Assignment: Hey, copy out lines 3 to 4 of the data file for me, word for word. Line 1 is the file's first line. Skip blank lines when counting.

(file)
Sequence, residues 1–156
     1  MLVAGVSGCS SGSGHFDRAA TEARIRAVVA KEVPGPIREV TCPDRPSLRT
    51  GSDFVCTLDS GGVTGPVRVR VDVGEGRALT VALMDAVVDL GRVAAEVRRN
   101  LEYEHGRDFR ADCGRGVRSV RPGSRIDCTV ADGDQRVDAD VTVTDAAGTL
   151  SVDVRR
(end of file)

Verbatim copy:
    51  GSDFVCTLDS GGVTGPVRVR VDVGEGRALT VALMDAVVDL GRVAAEVRRN
   101  LEYEHGRDFR ADCGRGVRSV RPGSRIDCTV ADGDQRVDAD VTVTDAAGTL